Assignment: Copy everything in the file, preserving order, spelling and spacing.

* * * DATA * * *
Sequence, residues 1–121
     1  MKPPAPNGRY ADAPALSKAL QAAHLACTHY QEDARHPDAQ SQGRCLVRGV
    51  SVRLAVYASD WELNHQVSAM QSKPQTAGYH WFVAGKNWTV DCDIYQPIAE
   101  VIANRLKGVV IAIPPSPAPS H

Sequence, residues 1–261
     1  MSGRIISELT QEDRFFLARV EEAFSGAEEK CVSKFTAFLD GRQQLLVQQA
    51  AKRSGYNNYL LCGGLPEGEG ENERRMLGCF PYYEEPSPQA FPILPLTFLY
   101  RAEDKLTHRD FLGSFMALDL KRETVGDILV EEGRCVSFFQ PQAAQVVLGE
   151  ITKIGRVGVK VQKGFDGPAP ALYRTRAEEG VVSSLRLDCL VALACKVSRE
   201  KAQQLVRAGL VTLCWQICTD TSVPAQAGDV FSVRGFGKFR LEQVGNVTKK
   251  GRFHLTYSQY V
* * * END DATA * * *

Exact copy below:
Sequence, residues 1–121
     1  MKPPAPNGRY ADAPALSKAL QAAHLACTHY QEDARHPDAQ SQGRCLVRGV
    51  SVRLAVYASD WELNHQVSAM QSKPQTAGYH WFVAGKNWTV DCDIYQPIAE
   101  VIANRLKGVV IAIPPSPAPS H

Sequence, residues 1–261
     1  MSGRIISELT QEDRFFLARV EEAFSGAEEK CVSKFTAFLD GRQQLLVQQA
    51  AKRSGYNNYL LCGGLPEGEG ENERRMLGCF PYYEEPSPQA FPILPLTFLY
   101  RAEDKLTHRD FLGSFMALDL KRETVGDILV EEGRCVSFFQ PQAAQVVLGE
   151  ITKIGRVGVK VQKGFDGPAP ALYRTRAEEG VVSSLRLDCL VALACKVSRE
   201  KAQQLVRAGL VTLCWQICTD TSVPAQAGDV FSVRGFGKFR LEQVGNVTKK
   251  GRFHLTYSQY V